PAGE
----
The Book of Werewolves (Dover Books on Anthropology and Folklore)
By Sabine Baring-Gould
1865. Baring-Gould states that upon finding the superstition of
werewolves so prevalent he decided to investigate the fascinating
history and habits of these mythical creatures. Contents: Lycanthropy
among the Ancients; The Werewolf in the North; Origin of the
Scandinavian Werewolf; Werewolf in the Middle Ages; A Chapter of
Horrors; Jean Grenier; Fork Lore Relating to Werewolves; Natural Causes
of Lycanthropy; Mythological Origin of the Werewolf Myth; The Marechal
De Rezt; A Galician Werewolf; Anomalous Case, The Human Hyaena; A
Sermon of Werewolves.
With the shocking histories of 10 famous cases, this classic blends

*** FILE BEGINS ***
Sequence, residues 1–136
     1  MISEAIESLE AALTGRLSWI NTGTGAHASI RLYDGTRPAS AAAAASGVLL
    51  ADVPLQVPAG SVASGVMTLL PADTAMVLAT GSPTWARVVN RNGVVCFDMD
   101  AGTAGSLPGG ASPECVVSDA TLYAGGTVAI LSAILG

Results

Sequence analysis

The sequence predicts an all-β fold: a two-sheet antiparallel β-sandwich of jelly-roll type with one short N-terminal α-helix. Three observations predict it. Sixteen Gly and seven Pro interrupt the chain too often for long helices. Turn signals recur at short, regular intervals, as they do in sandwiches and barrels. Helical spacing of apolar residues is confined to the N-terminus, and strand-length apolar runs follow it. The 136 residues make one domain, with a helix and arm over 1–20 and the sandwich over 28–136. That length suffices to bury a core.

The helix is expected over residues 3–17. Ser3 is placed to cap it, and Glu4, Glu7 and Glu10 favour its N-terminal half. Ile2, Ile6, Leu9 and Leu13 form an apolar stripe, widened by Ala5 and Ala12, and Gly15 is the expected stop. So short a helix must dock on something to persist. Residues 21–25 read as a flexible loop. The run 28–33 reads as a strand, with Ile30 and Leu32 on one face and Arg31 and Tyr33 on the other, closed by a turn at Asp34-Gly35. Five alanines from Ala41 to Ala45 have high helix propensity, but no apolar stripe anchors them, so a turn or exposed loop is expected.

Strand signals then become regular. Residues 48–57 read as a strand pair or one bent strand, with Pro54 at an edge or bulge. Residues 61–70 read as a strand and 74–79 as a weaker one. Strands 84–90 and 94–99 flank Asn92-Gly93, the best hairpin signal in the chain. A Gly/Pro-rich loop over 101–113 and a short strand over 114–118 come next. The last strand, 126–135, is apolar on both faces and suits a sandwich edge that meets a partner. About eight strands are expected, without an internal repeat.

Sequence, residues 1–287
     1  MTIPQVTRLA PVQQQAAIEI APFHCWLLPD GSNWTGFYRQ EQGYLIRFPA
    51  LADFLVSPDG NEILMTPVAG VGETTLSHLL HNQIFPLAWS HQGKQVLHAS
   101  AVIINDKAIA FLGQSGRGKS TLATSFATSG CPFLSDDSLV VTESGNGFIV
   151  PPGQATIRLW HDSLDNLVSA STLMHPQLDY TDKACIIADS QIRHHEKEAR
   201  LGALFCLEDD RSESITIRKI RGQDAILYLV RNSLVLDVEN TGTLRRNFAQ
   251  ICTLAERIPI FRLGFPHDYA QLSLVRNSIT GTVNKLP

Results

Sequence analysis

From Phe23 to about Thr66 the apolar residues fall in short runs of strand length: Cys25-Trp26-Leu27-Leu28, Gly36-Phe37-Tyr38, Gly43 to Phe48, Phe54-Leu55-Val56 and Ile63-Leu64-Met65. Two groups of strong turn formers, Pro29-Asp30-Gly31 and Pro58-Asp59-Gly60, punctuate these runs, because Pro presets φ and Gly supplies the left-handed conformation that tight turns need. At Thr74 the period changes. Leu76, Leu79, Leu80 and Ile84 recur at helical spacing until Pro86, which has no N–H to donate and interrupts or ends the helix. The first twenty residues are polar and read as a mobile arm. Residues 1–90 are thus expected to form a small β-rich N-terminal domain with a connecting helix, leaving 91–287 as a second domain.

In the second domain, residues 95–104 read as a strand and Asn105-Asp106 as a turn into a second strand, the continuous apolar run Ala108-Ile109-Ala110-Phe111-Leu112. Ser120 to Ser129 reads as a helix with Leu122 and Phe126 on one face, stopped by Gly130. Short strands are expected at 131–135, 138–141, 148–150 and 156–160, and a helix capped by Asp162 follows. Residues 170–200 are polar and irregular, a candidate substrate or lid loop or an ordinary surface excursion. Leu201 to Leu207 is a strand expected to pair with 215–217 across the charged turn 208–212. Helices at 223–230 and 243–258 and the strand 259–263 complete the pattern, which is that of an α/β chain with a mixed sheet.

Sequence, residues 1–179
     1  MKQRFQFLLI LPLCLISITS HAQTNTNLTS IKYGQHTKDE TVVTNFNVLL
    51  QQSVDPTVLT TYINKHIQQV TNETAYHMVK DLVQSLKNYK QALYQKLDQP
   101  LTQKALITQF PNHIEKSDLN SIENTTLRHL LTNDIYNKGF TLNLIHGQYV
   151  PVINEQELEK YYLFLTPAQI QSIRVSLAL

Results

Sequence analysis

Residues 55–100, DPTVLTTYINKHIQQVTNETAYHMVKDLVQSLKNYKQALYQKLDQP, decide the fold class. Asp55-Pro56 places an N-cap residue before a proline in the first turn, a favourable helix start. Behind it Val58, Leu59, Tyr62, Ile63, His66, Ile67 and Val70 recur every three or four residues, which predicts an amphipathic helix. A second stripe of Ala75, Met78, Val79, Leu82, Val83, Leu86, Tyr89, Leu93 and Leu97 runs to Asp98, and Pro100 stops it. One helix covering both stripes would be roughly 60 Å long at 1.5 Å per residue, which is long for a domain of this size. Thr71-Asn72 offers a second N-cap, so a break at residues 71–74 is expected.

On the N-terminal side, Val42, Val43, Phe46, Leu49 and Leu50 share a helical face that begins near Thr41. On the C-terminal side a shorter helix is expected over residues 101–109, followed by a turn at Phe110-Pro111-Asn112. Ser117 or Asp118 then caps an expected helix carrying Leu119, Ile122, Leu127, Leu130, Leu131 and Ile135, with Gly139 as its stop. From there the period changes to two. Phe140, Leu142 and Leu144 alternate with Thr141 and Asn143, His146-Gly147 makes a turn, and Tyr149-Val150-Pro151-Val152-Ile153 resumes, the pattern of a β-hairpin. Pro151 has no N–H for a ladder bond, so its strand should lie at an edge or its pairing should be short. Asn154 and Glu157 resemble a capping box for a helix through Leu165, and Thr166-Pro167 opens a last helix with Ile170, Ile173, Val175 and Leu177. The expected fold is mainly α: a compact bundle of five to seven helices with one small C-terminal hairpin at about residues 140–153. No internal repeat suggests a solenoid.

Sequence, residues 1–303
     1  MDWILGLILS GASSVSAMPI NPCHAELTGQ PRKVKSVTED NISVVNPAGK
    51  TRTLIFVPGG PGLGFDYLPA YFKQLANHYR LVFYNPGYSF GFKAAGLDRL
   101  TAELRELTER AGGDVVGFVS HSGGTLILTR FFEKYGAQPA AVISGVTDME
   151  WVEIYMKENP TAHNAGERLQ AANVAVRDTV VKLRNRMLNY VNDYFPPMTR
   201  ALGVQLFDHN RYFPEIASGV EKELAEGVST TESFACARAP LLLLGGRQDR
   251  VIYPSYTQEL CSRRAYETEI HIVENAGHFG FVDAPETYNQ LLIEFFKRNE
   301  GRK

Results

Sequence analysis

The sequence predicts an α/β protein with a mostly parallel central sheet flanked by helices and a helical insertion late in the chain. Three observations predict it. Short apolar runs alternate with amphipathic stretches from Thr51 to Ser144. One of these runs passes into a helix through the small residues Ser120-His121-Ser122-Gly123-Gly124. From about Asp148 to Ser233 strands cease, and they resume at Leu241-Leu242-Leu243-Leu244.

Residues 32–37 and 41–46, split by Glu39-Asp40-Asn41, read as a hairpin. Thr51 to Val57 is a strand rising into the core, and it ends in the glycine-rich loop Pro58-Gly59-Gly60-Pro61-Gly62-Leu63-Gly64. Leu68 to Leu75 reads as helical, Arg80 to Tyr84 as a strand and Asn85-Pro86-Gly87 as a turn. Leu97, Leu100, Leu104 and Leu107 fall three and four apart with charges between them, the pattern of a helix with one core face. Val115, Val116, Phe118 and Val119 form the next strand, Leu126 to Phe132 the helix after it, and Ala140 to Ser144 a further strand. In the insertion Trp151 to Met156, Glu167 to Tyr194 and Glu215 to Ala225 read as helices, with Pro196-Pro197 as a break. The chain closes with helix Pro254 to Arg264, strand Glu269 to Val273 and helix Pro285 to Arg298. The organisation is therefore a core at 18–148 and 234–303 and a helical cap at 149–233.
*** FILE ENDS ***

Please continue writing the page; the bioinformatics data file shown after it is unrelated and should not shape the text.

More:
science, superstition, and fiction to tell the full story of the
werewolves among us. The first serious academic study of lycanthropy
and "blood-lust" written in English, this book draws upon a vast body
of observation, myth, and lore.
Long in the tooth, but still has bite!
Arguably the first definitive study of the topic, penned by the
eccentric clergyman best known for writing the hymn 'Onward Christian
Soldiers', this 1865 volume still beats most of the modern competition
paws down. Its age means some will find it a tough read, but for others
that will just enhance its charms. 'The Book of Werewolves' is still
impressive scholarship today, and it was this volume that first made
the careers of real-life monsters Gilles de Rais and Countess Bathory
familiar to English readers (though somewhat toned down for its
original Victorian audience). If you're serious about your
lycanthropes, then this belongs on your shelf right beside Charlotte
Otten's recent 'Lycanthropy Reader'.